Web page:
It seems appropriate, as the world descends into economic hysteria, to be launching a book about Dionysian madness. Once again fear is the obvious driver, as it’s so often been in the past.
Famine sparked the “Great Fear” that swept France in the summer of 1789. Peasants went on a mad rampage, burning and ransacking their way through the countryside. Eventually it led to the storming of the Bastille and the start of the French Revolution.
Mass hysteria has many theories: “convergence,” “emotional contagion,” “collective effervescence.” They all involve a mutual reinforcement, an infectious multiplication of feeling, with emotions ranging from paranoia and panic to gleeful, unrestrained enthusiasm.
In the Middle Ages, episodes of what’s called the ‘dancing rage,’ or St. John’s Dance, erupted all over Europe. People would basically go wild in the streets, dancing, screaming, writhing, convulsing, even foaming at the mouth. It was another form of mass hysteria, and it happened in cities all over Europe. Priests thought the people were possessed by the devil. Music was played to help calm them.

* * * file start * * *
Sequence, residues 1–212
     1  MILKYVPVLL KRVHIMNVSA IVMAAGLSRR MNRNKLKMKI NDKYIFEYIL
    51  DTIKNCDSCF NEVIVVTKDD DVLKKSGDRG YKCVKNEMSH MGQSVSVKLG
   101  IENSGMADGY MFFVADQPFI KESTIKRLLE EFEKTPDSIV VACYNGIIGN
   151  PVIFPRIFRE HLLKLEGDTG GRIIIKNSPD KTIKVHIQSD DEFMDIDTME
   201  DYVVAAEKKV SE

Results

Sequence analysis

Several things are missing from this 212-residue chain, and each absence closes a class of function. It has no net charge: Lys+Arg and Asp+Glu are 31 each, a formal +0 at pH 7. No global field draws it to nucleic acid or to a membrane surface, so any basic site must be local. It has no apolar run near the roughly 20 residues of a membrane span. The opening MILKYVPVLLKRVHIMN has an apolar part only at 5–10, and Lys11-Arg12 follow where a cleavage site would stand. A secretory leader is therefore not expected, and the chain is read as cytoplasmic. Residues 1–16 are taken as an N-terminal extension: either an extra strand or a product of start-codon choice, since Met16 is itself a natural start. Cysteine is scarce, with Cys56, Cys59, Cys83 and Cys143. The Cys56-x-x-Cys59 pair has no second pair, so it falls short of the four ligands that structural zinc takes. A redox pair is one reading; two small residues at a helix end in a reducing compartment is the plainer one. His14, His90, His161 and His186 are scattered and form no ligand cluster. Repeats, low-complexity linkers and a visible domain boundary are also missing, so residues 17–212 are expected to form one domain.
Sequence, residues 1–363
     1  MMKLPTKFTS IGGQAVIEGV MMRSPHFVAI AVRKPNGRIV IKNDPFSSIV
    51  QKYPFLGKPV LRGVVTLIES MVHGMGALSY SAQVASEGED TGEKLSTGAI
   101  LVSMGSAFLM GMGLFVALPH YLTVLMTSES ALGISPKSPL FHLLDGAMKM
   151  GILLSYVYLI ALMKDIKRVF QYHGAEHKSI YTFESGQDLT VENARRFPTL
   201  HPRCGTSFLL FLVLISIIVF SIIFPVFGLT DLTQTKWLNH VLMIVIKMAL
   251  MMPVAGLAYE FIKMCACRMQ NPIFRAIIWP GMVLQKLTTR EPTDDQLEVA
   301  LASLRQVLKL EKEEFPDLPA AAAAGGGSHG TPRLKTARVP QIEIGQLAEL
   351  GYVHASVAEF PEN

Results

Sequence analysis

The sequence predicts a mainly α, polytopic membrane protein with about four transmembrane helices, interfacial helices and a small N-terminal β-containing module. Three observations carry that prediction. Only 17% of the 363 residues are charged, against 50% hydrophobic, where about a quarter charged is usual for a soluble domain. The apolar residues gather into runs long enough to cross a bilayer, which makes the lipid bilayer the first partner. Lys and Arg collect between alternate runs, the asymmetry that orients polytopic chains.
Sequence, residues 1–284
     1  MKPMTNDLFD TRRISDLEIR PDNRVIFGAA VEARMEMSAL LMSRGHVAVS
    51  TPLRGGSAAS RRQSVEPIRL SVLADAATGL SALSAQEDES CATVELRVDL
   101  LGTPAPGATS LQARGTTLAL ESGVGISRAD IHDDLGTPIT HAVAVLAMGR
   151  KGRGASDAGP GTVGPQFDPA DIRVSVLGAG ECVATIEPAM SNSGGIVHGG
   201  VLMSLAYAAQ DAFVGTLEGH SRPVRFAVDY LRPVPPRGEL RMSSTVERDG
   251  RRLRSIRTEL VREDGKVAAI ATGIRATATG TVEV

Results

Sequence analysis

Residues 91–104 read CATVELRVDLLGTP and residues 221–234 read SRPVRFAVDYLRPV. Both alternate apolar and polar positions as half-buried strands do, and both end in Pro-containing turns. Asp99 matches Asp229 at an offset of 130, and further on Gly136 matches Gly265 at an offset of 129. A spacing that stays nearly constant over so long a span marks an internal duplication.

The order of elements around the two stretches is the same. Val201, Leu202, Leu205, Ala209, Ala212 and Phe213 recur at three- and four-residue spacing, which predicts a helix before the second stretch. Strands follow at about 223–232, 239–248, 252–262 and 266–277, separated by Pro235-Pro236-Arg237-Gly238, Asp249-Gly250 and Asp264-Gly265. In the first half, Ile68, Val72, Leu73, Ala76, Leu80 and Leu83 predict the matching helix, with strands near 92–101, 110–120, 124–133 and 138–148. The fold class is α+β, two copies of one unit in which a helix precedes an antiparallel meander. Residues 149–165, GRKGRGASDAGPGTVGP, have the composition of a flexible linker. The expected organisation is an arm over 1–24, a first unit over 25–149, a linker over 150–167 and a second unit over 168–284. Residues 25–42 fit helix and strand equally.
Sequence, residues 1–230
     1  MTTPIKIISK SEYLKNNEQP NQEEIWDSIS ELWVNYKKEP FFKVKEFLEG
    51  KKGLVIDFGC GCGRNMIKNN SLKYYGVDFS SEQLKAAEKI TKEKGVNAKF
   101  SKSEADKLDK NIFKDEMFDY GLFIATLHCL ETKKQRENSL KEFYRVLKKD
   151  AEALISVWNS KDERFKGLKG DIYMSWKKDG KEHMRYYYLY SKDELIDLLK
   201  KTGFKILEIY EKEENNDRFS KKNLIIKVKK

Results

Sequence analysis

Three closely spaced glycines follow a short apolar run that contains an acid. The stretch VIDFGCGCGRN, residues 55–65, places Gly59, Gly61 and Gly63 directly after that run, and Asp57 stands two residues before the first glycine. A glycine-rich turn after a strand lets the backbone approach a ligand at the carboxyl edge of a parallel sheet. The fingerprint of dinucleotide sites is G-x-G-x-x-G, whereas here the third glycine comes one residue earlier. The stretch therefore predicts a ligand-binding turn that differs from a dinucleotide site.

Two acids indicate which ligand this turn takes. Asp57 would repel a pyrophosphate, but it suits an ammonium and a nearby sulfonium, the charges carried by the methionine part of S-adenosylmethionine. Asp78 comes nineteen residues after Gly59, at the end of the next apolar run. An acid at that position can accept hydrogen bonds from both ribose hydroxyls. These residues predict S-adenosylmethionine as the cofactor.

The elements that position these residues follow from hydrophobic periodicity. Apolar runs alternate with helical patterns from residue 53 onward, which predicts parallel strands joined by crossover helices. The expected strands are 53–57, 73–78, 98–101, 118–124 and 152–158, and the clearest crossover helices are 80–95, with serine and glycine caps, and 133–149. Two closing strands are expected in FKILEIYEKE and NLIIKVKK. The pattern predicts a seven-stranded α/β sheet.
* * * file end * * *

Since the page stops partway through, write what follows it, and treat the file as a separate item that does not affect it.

It may be more than fear that feeds these collective convulsions. Professor Mary K. Matossian believes that in both these historical cases an initial catalyst was hallucinogenic ergotism. France’s “Great Fear,” like St. John’s Dance, may have been caused by ergot poisoning from the bread people ate. The ergot alkaloid ergotamine is an immediate precursor to LSD. It causes convulsions, hallucinations, mania, and psychosis.
The ergot fungus usually arises when the season is particularly wet and the grain is left damp. In that long-ago summer in France, a drought had been followed by storms and floods that ruined the year’s harvest. Usually farmers threw out ergot-infected yields, but when the harvest was poor, they couldn’t be choosy. They went ahead and ate the bread and chased the nobles all the way to the guillotine.
Forgive the pun, but once again it’s bad bread that’s making us throw the bums out. Only we may have another—even more infectious—catalyst to our hysteria.
The mass media.